"Okay," I told Don Davis.

In the twenty years since I'd joined the Marines, no one in Perkasie had ever asked me what I thought. I knew the audience would be filled with the fathers of kids I'd grown up with, people whose homes I'd been in and out of, men who attended my father's church and played golf with him.

"All of us here desire peace," I began. "Some of us have seen war first-hand. Others have lost loved ones to it. We want no part of it. If we sometimes appear belligerent, we must believe it is only a necessary response to the provocations of others. We are peacekeepers."

The audience stared at me.

"Thus we explain the invasion of Grenada," I said, "the U.S. Marines in Lebanon, U.S. soldiers in Honduras, our war against Nicaragua, our military aid to El Salvador, and our deployment of Pershing II and cruise missiles to Europe."

I looked at Frank Grossinger, vice-president of Bucks County Bank & Trust Company, whose daughter I had launched on her college career, but he would not make eye-contact with me.

I spoke about the Vietnam war, describing the Vietnamese struggle for independence, the venality of the Saigon regime we'd invented, the killing reality of American troops in the ricefields and hamlets of Vietnam.

"But when the war finally ended," I said, "we were content to let it slip away, and then to reconstruct it as we would like it to have been."

From another room, I could hear the dull thump of a heavy object falling, followed by curses.

"Therein lies the tragedy of the Vietnam war: our failure to confront it. Thus, when the Russians shoot down a civilian airliner, we call it an act of barbarism, but when we bomb a civilian mental hospital, it's a mistake. When the Cubans send military advisors and medical personnel to Nicaragua, we call it Soviet expansionism, but when we send combat troops to Honduras, it's a training exercise. When the Russians send troops into neighboring Afghanistan, we call it an invasion, but when we invade a Caribbean island 1500 miles from our shores, it's a matter of national security."

The slow rustle of bodies. The clink of silverware and glass.

"How many more Vietnams will it take?" I said. "How many more times will we send our sons and brothers and fathers off to die in places like Lebanon and Grenada before we learn that the world will not conform to what we imagine? Even now, American warships--"

"Who do you think is keeping the Free World free?" shouted Art Fralich, the plumber, who lived just across the street from my parents. I looked at Mr. Fralich.

"What do you mean by the Free World?" I said. "Do you mean South Africa? Chile? How about Saudi Arabia, where they execute unmarried women for having sex? You mean like South Korea, where it's treason to organize a labor union? How about Zaire? There's a lovely place."

"What the hell do you know about it?" Wilson Scheller called out. He owned the hardware store. I looked at Don Davis, but he wasn't looking at me.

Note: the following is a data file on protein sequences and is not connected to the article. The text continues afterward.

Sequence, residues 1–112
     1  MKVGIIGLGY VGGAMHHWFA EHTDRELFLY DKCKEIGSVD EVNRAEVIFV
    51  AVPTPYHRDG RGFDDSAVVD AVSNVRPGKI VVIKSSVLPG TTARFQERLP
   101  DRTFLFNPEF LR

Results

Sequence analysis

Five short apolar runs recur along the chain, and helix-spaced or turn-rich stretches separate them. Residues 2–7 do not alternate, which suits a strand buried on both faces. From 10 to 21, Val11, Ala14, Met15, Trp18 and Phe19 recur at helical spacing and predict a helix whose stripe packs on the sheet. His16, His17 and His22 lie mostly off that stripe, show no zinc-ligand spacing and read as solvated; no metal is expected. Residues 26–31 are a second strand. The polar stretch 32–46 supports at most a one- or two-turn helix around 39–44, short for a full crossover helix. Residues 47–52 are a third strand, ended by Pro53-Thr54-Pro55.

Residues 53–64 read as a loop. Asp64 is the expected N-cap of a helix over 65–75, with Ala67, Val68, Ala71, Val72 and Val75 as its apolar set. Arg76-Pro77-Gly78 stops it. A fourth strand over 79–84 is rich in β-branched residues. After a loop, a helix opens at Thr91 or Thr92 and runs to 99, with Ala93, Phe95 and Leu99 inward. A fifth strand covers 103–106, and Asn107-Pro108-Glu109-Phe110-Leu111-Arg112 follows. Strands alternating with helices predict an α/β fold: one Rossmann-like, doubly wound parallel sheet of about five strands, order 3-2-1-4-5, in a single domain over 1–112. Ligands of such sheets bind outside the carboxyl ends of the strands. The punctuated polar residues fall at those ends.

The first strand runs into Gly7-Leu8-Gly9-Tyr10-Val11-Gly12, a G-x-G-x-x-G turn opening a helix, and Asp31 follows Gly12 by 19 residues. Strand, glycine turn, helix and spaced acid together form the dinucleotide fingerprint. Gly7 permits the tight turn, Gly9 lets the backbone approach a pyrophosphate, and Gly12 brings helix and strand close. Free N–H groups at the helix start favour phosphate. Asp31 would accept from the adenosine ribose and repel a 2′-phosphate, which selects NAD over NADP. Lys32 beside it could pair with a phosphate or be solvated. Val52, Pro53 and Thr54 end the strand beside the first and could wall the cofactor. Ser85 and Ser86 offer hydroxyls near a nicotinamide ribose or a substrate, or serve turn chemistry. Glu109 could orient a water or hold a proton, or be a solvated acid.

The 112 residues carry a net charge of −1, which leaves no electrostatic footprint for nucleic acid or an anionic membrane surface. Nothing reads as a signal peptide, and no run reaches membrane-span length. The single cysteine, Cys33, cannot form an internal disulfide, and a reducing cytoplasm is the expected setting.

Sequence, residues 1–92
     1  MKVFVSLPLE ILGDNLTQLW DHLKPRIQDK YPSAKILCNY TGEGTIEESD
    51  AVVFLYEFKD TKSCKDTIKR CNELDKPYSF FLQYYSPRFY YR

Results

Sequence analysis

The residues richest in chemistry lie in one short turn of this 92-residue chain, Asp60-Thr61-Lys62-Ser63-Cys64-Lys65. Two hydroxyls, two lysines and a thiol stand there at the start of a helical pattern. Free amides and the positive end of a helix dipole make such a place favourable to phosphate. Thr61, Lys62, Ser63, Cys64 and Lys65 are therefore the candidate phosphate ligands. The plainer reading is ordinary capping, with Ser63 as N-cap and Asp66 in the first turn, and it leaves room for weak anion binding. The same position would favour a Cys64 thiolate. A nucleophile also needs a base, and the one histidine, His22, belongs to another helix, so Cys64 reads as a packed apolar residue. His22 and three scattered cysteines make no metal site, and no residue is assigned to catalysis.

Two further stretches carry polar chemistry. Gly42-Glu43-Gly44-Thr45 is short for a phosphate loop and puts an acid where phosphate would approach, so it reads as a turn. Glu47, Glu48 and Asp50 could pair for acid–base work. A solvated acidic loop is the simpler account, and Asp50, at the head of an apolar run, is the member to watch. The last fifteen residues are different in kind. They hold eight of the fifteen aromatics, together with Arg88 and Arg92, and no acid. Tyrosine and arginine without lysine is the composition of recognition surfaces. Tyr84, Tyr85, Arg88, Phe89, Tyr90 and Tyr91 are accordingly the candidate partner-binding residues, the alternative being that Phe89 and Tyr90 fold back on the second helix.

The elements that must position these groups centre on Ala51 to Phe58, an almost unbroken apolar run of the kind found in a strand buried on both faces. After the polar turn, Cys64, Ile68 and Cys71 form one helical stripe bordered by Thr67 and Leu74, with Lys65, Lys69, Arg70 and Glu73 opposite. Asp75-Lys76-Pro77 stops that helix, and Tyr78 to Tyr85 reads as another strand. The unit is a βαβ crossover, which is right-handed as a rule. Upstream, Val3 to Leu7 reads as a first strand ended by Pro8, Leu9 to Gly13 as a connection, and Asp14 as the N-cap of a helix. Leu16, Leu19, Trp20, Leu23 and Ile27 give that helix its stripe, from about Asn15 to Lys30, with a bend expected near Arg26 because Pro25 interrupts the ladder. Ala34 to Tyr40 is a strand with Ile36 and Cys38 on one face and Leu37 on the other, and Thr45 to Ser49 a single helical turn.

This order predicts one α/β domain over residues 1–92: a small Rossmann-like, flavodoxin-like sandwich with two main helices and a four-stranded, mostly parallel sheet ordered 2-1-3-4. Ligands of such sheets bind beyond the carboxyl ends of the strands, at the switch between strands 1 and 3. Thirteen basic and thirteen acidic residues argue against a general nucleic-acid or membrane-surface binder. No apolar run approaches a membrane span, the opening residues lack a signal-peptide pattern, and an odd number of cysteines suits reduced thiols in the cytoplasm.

"Well, I've read a few books about it," I said.

"You believe everything you read?" said Mr. Scheller.

"I believe what I see. I've been to Nicaragua. I've been to Honduras. Where have you been? Plumsteadville?"

"Why don't you go to Russia if you don't like it here?" said John Sterner, who owned the drugstore.

"That's the only answer you've got?" I said. "That's the best you can do?"

"My boy died in Vietnam!" Bob Gillman shouted. "Your father would be ashamed of you."

David Gillman had become a helicopter pilot. His chopper had crashed and burned. What was sent back to Perkasie didn't fill a grocery bag, but Bob Gillman put it in the ground and put a headstone over it. He believed his son had died for a reason. It had kept him going for twenty years. Without it, he would have to face his insatiable grief. He glared at me, his face red with whiskey and his eyes full of tears.

I looked at the other faces. Not a flicker of light in the room.

"I'm sorry about your son," I said. "My parents risked three sons in Vietnam. By the grace of God, they got all three of us back. I'm sorry you weren't so lucky. I don't think my father's ashamed of me. Why don't you ask him yourself?"

A few years later my father died. During the eulogy, Rev. Tom DeWitt, who had been my father's assistant pastor, noted that my father had always kept on his desk my first volume of poems, its spine facing anyone who entered the room. Its title is A Generation of Peace. A few years later, my mother died. I put the book in her casket. My mother and father are buried side by side at the top of Market Street, on the ridge overlooking the town. You can see the whole Branch Valley stretching away in three directions. You can see the school where my mother taught, and the creek where I used to play, and the steeple of my father's church.